Last week Alan Davey (Chief Executive of Arts Council England) took part in a live chat, during which he answered a number of questions related to the organisations responsibilities for libraries. The questions and answers are republished below:
Questions (from Gary Green)
- How do ACE aim to ensure that the non-arts aspects of libraries is developed as much as the cultural and arts aspects? Areas such as (but not only) support for education & literacy, community & social aspects are as important as the cultural and arts focus of libraries.
- Will the ACE charter and mission statement be amended to reflect your new responsibilities that go beyond the arts, as indicated above?
Response (Alan Davey):
We are already working hard to ensure that we join up arts and cultural activity with the wider libraries agenda, mainly through the Libraries development initiative announced in January. Areas such as education and literacy will be targeted through projects like the one led by the London Borough of Richmond, which tests the delivery of adult learning in libraries. The Books on Prescription project will also help libraries address health and social care issues by prescribing books from a list of high quality self-help manuals for people suffering from common mental health problems. It is also worth noting that most of the artistic activities going on within libraries will be used to support education and literacy, and will involve local communities. In answer to your second question, our mission statement has already changed to reflect our wider cultural remit and is very much embedded in our decision-making framework Culture, knowledge and understanding. Our charter has also been updated.
Question (from Silent Pete)
- What experience does the arts council have to oversea museums and libraries? This seems a sector where the expertise of the MLA is missed.
Response (Alan Davey)
We’ve taken on a significant number of former MLA staff and recruited new people with the right knowledge to enable us to look after these new sectors. We’ve sought to engage both sectors in a constructive way and have listened very hard to their concerns and needs. We’re getting good feedback from the sectors about the way we’ve done this and so I think you cannot say we lack the right expertise.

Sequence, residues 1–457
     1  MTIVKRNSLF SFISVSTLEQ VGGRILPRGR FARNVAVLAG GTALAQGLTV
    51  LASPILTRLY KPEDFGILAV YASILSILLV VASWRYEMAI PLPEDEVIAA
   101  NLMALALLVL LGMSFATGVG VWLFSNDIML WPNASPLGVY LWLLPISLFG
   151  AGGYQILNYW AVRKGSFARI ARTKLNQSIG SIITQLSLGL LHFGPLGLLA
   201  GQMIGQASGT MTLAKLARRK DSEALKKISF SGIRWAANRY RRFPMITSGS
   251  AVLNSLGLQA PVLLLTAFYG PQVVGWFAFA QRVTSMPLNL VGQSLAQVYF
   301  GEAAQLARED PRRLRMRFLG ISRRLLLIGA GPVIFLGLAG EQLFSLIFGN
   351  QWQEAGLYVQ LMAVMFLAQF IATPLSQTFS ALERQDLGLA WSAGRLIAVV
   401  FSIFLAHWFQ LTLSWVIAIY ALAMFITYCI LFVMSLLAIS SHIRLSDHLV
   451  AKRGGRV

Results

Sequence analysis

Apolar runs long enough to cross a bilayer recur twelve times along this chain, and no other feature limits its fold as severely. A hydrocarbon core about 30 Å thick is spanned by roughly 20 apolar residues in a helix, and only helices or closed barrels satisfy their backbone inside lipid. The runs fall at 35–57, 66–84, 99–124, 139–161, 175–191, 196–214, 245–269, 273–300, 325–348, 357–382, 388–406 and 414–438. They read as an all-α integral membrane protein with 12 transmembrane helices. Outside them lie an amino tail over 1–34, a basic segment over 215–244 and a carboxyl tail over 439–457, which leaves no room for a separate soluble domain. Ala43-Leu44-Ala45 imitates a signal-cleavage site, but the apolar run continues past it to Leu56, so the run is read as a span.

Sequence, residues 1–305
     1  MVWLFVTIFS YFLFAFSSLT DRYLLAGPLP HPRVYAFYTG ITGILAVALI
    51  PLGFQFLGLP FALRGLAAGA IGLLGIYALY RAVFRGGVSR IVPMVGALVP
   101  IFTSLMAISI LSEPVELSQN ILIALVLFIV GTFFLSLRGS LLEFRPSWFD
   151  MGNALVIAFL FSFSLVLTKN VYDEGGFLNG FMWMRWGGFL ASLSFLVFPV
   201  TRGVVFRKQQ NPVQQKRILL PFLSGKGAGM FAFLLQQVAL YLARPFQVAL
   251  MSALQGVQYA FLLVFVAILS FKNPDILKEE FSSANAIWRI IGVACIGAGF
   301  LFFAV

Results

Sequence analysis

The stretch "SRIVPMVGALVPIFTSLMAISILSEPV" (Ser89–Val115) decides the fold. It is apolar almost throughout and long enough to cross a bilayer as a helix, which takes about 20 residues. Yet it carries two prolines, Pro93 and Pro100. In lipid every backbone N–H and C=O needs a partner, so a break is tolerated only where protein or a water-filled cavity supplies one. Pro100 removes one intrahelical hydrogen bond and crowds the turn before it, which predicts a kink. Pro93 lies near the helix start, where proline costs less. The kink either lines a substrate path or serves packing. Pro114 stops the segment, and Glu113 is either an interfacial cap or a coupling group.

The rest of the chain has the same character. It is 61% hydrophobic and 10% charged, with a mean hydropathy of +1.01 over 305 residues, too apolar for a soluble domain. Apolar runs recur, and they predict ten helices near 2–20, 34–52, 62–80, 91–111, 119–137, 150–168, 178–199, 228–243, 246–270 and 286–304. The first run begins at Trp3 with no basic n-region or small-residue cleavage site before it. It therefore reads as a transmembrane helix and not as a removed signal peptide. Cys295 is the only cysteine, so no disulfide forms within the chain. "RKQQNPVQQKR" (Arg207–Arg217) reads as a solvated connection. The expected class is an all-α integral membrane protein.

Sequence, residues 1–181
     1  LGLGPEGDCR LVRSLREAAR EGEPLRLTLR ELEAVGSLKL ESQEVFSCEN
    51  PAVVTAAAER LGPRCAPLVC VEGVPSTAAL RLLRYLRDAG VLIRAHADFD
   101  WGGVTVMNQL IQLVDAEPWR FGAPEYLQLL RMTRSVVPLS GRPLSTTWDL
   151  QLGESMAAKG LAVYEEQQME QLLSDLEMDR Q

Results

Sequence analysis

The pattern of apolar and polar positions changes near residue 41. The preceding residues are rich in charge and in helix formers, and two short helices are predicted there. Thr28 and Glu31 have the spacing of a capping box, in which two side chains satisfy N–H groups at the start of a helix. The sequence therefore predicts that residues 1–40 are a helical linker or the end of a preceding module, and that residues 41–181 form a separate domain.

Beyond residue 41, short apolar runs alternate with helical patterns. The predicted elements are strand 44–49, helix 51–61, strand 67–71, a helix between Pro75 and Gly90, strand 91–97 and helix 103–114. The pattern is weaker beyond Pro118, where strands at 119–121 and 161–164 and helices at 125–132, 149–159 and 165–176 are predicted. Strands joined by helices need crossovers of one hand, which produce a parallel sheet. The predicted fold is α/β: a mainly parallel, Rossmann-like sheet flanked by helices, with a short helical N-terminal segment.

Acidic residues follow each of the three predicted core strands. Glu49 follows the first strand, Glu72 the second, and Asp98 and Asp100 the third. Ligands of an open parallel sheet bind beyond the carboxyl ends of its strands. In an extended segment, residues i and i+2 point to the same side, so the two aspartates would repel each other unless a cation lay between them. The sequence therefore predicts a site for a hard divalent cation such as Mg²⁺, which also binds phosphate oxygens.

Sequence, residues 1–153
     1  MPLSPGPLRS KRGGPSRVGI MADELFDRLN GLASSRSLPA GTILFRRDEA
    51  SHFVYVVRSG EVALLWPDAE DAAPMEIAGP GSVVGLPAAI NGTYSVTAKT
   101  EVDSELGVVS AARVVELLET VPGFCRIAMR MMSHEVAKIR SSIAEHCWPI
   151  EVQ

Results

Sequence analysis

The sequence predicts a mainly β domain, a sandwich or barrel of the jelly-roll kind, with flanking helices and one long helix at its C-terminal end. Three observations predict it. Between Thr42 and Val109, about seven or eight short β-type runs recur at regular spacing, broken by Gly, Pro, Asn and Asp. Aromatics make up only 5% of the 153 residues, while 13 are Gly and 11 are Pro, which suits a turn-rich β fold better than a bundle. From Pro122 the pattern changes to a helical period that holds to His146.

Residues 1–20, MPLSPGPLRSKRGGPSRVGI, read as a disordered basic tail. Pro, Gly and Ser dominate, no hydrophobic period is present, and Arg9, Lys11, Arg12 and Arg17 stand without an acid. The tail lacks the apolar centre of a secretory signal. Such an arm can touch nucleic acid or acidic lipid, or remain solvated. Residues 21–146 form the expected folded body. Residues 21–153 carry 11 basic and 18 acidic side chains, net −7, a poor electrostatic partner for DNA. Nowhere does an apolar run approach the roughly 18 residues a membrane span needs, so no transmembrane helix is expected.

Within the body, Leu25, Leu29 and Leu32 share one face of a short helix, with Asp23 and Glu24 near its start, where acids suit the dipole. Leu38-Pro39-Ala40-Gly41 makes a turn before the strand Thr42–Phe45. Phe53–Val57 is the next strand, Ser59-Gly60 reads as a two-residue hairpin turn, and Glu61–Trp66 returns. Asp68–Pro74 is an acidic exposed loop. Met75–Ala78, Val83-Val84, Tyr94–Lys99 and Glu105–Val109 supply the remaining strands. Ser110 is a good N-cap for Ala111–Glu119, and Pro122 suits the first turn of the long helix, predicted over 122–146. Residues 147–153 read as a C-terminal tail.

Question (from nolarae)
- The Rumor Mill is pretty active at the moment, saying that the DCMS will be split up after the Olympics. What potential threats does this pose for Arts Council not having DCMS holding ‘holding back the wolves’, i.e. other Govt Depts taking funding away from the Arts?
Response (Alan Davey)
Well, I’m not sure that wolves get much from DCMS budgets – it being the smallest department in Whitehall by far. Whatever happens, they’d need to protect budgets for arts and museums and there would need to be a place in Whitehall to represent their interests. In the past this has been the Cabinet Office, the Education department or even the Treasury direct. Some other countries such as Australia put arts and culture as part of the Prime Minister’s office, reflecting their importance. So if there is a proposal to abolish the DCMS there will need to be a convincing alternative so that the interests of arts and culture remain at the heart of government. And that is the case we – the sector and the Arts Council – have to argue as strongly as we can. It seems to me to be a false economy to abolish a body if you then have to reinvent it elsewhere.
From these responses it is welcoming to read Alan Davey’s commitment to libraries, and it’s also reassuring to hear that A.C.E. will still continue to employ staff to focus on libraries and museums. However, it’s not clear how many members of staff there are in comparison to previous M.L.A. staff numbers and how many of them have a specific focus on libraries.